I often liken this debate to the differences that you often see in some bars. At one end there will be the inevitable group, slamming down double shots, making lots of noise and for as long as it lasts, having a great time. At the other end, there is a more subdued group sipping brandy, being very polite and equally enjoying themselves. Both drinks are served at the same bar and yet their consumption has very different consequences. Let me explain.
Double tequila shots please and who cares about tomorrow
For this group, ‘selling’ is a great way to make patients accept treatment plans and I understand how appealing it looks. I’ve listened to and worked with plenty of sales trainers over the past 25 years and I have witnessed fashionable techniques come and go; for example how to ‘close’ and ‘handle objections’ were once the main focus. The likelihood is that if you have been on even a basic sales course, then you will have learned something that you can put into use. So where’s the problem? Well, I feel uncomfortable when I hear words like ‘close’ and ‘objections’ with the suggestion that if you assert enough ‘linguistic jujitsu’ on another party, that eventually they will give in and say yes to whatever is being sold.
There is no doubt that sales techniques like these have an impact and they may well increase your ability to have treatment plans accepted. But surely the real question is whether this type of ‘selling’ makes you or your patient feel uncomfortable? Given the unique position of trust between a patient and a dentist, and how uncomfortable ‘selling’ can feel for either party then ultimately such techniques will be counterproductive.
At this end of the scale, ‘selling’ is something that is manipulative, where one party gets the better of the other and it’s largely driven by the same practices that have brought about previous mis-selling scandals. Mis-selling scandals have blighted the results and reputations of other professions. If we apply these same techniques, then there will be a mis-selling scandal in dentistry as sure as slamming down double tequilas is going to hurt the next morning.
Large brandy with time to ponder
At the other end of the bar, the requirement to somehow ‘sell’ to patients is acknowledged but it remains frowned upon. And, given that being ‘sold to’ is often a painful experience, then this is a logical point of view.
Unfortunately though, with bills to pay and patients to attract and retain, a dental practice owner in 2015 is unlikely to be able to rely upon a brass plaque and hope. So, plenty of time to ponder how to recharge their glasses whilst staring into the bottom of them hoping that something will change.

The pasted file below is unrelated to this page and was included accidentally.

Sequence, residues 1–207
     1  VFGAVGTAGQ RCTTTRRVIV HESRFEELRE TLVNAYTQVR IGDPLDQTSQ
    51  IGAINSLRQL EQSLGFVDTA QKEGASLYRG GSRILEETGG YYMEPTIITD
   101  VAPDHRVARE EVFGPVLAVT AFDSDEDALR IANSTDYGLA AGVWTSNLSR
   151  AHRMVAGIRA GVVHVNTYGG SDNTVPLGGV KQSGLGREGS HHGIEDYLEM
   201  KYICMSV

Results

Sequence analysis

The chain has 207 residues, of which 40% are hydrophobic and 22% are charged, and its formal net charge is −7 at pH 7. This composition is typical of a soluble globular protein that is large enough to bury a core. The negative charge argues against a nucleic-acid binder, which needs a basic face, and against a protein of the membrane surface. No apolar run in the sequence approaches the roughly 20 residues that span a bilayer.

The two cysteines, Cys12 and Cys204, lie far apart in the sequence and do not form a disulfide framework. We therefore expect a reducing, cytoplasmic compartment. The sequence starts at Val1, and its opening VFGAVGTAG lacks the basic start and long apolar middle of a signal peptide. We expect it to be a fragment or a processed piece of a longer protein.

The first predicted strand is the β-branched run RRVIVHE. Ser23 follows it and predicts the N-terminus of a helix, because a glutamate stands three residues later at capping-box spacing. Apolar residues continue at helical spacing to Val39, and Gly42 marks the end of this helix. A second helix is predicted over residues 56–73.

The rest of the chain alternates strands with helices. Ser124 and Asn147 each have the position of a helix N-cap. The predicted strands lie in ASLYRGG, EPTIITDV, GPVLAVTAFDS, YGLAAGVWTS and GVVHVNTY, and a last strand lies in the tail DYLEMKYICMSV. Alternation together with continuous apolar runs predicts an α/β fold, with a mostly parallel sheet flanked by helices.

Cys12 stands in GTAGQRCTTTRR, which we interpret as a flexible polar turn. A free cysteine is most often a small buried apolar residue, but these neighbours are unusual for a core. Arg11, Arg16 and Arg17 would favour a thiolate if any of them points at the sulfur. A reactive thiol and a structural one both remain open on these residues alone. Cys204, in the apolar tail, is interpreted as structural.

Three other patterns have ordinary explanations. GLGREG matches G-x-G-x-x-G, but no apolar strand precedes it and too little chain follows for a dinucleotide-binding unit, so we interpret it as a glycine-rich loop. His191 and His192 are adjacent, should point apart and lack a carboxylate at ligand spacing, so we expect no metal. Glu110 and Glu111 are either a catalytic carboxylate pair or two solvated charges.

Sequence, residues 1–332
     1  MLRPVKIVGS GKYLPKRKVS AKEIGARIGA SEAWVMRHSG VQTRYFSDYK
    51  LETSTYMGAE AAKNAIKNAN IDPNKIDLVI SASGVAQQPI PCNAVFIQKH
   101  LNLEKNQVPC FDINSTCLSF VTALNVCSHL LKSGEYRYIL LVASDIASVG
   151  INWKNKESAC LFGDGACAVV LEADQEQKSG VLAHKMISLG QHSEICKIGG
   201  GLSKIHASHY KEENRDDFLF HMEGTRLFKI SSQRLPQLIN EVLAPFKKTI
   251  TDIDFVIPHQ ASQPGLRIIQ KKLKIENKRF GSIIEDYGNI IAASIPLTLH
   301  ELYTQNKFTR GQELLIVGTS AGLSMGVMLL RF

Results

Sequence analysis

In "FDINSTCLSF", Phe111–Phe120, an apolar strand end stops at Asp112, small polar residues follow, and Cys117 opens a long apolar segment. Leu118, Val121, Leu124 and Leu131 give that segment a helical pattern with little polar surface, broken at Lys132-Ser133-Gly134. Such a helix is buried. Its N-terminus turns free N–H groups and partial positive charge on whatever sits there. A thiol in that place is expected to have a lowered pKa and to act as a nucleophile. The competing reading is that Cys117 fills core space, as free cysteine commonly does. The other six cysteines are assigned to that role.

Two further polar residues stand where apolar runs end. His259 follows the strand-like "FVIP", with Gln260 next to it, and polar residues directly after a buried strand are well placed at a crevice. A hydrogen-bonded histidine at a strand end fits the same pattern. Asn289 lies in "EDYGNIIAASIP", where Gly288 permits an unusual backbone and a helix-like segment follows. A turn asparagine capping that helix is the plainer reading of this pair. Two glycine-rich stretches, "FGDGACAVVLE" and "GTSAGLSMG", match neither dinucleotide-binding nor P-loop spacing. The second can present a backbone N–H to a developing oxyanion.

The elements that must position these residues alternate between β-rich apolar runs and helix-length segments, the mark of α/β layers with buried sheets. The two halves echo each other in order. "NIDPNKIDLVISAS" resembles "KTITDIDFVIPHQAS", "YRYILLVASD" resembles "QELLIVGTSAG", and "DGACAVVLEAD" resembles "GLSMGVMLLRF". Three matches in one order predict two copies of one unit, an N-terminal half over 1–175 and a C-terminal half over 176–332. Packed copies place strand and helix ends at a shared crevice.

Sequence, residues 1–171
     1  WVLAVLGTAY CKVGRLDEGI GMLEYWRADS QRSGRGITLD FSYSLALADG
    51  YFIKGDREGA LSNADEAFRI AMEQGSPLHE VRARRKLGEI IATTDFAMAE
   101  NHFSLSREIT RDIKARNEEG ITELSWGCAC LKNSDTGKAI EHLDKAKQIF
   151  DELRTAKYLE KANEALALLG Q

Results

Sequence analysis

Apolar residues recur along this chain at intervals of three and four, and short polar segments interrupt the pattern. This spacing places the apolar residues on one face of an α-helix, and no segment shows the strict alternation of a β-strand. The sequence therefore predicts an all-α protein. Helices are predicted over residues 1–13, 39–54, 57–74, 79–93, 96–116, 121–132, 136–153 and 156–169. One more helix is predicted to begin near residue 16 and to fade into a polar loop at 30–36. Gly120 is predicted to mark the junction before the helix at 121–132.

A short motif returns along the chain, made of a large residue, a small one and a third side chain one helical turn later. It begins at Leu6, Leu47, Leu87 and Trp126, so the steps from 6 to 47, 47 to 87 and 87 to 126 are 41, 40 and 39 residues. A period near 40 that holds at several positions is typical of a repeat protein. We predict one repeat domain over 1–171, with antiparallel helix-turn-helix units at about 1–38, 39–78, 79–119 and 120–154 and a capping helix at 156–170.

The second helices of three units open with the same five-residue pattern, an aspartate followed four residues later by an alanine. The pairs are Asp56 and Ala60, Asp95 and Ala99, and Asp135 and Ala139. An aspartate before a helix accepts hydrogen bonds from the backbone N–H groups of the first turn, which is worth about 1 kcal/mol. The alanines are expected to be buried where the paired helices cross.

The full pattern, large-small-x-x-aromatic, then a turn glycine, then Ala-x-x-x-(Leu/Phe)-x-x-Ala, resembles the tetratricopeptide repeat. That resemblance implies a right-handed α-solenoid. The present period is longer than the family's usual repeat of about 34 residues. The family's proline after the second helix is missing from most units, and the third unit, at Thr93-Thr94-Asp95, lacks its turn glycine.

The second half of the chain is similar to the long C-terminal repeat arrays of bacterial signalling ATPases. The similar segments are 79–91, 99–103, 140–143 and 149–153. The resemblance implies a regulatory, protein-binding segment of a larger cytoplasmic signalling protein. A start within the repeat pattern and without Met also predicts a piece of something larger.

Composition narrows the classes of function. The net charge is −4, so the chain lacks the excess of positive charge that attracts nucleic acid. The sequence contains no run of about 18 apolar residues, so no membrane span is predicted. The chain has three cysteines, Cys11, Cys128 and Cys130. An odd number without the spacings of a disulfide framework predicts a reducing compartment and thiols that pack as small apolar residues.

What else can you drink?
I think that both of these extreme perspectives are fundamentally flawed and based upon the false assumption that dentists or any healthcare professionals have to be in sales in the first place. If the idea of ‘selling’ to your patients makes you feel uncomfortable, your feeling is right. It’s called healthcare not healthsell after all and communication with your patients should focus on building trust, authenticity and credibility.
Some people suggest that in dentistry, you either have the ability to communicate with your patients or not. And, if you have ever been on a sales course that you felt uncomfortable with, then you might conclude that it is not a skill that can be taught. I have a different perspective.
Given that pretty much everything that you have achieved in your life, has come from your ability to communicate, influence and persuade others, I believe that you are already an excellent communicator. You have learned behaviours that work. You don’t need a ‘sales technique’ or even a script to help your patients, but you may need to learn how to adapt the behaviours that already work for you. By simply having a better understanding of how you communicate and why certain communication structures work for you, you can improve your ability to communicate with your patients and your team. With a greater level of awareness and focus, you can structure your communications and language patterns, tonality and body language to put patients at ease and build confidence and trust.
Don’t deny yourself, even healthcare professionals accept the odd drink or two in moderation is acceptable, but remember, it’s only the next morning when you notice who was drinking in the wrong bar! If you would like a new perspective on your dental business, leadership, business development, marketing or communication, then come and meet the Rose & Co team at The Dentistry Show. We will be on stand R62 and occasionally in the bar.